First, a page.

Last week, two of our young Friday volunteers from North Berwick High School won a competition organised by the Youth & Philanthropy Initiative Scotland, resulting in the prize of £3,000 awarded to their charity of choice, Muirfield Riding Therapy!
Muirfield Riding Therapy would not exist without its volunteers. Aged from 12-86, these individuals bring all sorts of skills, life experience and outlook to the table. The Friday afternoon session is blessed with a large proportion of school aged children who dash in at lunchtime after their morning classes, throwing their school bags aside swapping blazers for boots.
When they first start volunteering the youngsters may be shy and seem, in that teenage way, to be a bit detached. But this reticence soon disappears as they learn what is expected of them and begin to build relationships with other team members and, more importantly, with the young riders that they work with.
Having teenagers in the team helps us to break down the barriers that can exist between disabled and more able youngsters. In sessions they are just kids having fun together!
Last week two of the young Friday volunteers from North Berwick High School, submitted a presentation to the Youth & Philanthropy Initiative Scotland (YPI Scotland), a structured curricular programme, designed for secondary schools, centred on youth voice, youth action and youth philanthropy. Students compete for a £3,000 award for their charity of choice. Their presentation showed a real understanding of how MRT benefits their young riders and their families. In addition to this, the girls’ presentation also included details of our recently launched weekly drop-in cafe for people living with dementia and their families, friends and carers.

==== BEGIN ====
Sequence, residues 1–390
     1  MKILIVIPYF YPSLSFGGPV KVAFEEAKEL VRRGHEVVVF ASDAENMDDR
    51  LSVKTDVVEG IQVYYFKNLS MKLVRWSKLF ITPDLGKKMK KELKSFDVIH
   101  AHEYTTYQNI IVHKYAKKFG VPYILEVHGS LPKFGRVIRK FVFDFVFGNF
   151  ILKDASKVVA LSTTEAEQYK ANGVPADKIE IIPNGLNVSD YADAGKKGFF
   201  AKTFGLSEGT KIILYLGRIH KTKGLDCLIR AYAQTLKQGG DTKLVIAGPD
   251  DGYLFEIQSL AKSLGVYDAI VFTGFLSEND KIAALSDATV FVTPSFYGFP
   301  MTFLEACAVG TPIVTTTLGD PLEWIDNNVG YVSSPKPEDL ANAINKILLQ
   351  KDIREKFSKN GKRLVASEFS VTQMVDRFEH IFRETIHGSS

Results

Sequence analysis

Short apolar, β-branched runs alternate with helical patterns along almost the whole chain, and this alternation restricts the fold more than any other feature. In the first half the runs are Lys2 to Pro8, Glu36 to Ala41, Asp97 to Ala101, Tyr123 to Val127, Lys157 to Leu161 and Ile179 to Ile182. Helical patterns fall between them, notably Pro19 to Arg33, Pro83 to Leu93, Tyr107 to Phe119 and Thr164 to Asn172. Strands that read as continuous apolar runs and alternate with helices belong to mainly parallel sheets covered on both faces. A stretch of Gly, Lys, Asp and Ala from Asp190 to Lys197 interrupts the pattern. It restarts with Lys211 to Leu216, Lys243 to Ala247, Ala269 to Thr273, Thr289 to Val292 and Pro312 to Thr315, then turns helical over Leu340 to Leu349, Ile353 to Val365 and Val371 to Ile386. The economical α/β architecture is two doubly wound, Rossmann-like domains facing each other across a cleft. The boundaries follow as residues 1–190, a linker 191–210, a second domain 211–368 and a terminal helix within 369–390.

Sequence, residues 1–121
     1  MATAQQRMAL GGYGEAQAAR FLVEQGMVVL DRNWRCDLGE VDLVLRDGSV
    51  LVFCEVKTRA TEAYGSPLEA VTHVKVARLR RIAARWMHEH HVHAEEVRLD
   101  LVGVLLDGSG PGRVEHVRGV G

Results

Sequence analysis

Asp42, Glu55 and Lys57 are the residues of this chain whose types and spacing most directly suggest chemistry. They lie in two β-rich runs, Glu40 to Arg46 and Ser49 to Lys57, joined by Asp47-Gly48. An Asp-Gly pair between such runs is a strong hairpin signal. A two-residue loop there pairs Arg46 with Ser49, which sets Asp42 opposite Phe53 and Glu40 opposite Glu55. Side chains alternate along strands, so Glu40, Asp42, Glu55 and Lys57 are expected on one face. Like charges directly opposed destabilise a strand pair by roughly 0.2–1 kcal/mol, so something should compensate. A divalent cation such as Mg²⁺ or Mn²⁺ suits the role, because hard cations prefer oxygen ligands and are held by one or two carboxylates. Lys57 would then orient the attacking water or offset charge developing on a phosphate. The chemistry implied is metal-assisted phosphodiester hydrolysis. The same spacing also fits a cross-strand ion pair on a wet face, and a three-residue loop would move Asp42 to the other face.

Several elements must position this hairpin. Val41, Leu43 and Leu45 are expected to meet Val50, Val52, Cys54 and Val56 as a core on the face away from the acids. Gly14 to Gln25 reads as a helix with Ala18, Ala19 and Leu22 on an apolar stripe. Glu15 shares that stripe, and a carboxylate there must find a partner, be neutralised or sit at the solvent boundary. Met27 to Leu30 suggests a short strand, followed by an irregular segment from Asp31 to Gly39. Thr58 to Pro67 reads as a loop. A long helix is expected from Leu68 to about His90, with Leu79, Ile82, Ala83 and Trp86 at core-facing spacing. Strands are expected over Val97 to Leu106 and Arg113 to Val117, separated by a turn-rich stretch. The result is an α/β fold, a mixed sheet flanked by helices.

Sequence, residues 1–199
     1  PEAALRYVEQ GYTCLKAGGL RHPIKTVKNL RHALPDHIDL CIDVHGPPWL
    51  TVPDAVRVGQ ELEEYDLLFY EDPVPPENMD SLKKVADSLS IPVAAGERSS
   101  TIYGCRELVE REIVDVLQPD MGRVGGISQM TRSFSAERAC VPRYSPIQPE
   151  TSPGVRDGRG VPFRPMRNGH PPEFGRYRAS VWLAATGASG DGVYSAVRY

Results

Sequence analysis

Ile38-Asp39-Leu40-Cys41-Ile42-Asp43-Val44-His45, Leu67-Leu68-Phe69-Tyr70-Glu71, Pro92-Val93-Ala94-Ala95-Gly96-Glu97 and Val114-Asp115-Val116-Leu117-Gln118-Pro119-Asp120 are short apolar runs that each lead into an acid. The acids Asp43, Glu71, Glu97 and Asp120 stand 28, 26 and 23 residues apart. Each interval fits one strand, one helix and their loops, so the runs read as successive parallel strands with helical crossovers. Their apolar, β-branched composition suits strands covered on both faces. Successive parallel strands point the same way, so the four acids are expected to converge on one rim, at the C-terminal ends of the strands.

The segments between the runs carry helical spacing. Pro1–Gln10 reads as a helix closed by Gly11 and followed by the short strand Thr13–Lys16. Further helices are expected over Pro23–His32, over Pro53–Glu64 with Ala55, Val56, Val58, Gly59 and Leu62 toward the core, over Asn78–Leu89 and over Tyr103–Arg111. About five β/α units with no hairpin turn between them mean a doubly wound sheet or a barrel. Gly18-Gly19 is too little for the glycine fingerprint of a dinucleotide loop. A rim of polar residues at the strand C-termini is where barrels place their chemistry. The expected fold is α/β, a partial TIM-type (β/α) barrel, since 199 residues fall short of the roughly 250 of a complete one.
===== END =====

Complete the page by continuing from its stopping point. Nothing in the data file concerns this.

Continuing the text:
This initiative has been done in partnership with Dementia Friendly East Lothian. Over the next few months we are hoping to develop the service to introduce working with the ponies. We believe that contact with the ponies can be helpful through bringing new connections and experiences for those who come along. To do this we will need to research practices and approaches which will be safe for everyone involved, train our volunteers in working with people living with dementia and to create fliers to attract more people to come. For some of our potential guests’ transport will also be an issue and so we will work with local transport options for individuals and groups.
Competition for the prize was stiff but Mairi, Jamila and their friends’ enthusiasm and belief in the charity shone through and MRT were awarded £3000.
We are very grateful to all of our youngsters for their day to day commitment to the running of sessions, but we are especially grateful to the two girls for making such a brilliant effort in applying for this award.
We are delighted that the winning £3,000 will be used to build and develop the service we offer to people living with dementia in our community.